DN: Well I can tell you this; when I first got on the show it was a total stroke of luck/chance/some other mystical s–t because I never really pursued acting at all. I did a performance at a local festival when I was 14 and one of the judges asked to manage me. That being the first like “industry” nod I had ever gotten I jumped at it. Soon thereafter though she started like, pressuring me to try acting, to which I responded “suck my balls.” But eventually she convinced me that it would help me establish my face, brand myself, all that retarded s–t I hate thinking about. Three years later when I was 17, I got a phone call personally to go audition for a show called Degrassi. Now I had never watched it before and I was right in the middle of making a mixtape, but I figured “Hey, I remember that one lady telling me this is a good idea that one time, why the hell not?” So I went. I had actual lines of dialogue to remember first, then I spit a 16. Next thing I know I have to get an agent and pull my pants up to my waist because I’m on a television show. So I guess the point of what I’m saying is, I was planning on using the exposure to help my rap career, and figured I was set; until one day I went to the green room and a couple of my cast mates were playing “Best I Ever Had.” I had no idea who made the song and I really didn’t care because I hate the radio and I never know what the new cool thing is anyway. But when they told me it was by a guy named Aubrey I was like “Who the f–k is that?” and next thing I know I was smashing my head into a wall because I knew EXACTLY what this was going to mean for me and Hip-Hop. But to be honest, I kind of strive off of people underestimating me and brushing me off at first.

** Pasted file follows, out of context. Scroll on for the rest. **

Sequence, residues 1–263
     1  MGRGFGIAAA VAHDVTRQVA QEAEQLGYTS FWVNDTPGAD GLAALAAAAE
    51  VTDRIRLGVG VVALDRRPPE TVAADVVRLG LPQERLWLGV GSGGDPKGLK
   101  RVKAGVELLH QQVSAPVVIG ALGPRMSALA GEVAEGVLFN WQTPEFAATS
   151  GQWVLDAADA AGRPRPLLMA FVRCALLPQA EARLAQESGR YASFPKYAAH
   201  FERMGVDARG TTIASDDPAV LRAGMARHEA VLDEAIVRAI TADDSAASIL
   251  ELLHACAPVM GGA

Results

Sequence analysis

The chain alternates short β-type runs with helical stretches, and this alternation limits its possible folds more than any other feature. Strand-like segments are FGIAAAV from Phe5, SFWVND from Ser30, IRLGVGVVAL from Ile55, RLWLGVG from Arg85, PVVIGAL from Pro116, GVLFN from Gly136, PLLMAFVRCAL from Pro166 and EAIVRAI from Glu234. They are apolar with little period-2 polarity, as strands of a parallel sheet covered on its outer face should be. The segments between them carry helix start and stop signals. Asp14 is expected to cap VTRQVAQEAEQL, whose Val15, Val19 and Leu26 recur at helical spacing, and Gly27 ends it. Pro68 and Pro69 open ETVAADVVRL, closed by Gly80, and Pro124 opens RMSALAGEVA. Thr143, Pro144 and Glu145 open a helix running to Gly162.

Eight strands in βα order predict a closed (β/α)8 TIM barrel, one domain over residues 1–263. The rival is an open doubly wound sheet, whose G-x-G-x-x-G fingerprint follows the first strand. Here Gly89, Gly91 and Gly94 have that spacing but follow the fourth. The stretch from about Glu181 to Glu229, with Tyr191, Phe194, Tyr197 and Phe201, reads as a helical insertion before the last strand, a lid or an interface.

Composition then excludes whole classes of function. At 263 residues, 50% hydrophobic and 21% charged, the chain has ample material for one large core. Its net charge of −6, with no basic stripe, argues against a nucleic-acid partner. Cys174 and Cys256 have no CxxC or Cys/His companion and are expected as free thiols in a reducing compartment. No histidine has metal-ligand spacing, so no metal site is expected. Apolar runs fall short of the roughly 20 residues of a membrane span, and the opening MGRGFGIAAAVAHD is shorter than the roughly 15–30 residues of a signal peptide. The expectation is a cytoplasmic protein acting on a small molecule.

TI: I read in your PR materials that Eminem is one of your biggest influences. What is it about him and his music that resonates with you?
DN: His attitude. As much as it fluctuates depending on how he’s feeling or what he’s talking about, one thing stays consistent; he will say EXACTLY what’s on his mind. And not you, me, or Hova himself will change that. That idea is quite far reaching when you think about the type of person, or the values you have to have to be consistent in that. I truly admire it. Beyond that, as I’ve said since I was 12, he’s the best rapper (from a technical and creative standpoint) that has ever walked the earth.
TI: How would you describe your sound and style for someone who’s never heard your music before?
DN: Real & Raw. As if that s–t isn’t a cliché. Regardless, that’s just how it comes out of my brain. Straight up. I don’t refine the thoughts that I put on paper (beyond the technical aspect of making them rhyme and flow to my desire). A lot of people (especially other emcees) that listen to my music say “Damn, your lyricism is crazy, but I don’t know if people will UNDERSTAND what you’re trying to say, simplify it for them.” I usually respond with, “f–k off.”
TI: How have you grown as an artist since the release of your debut mixtape, Ready or Naught?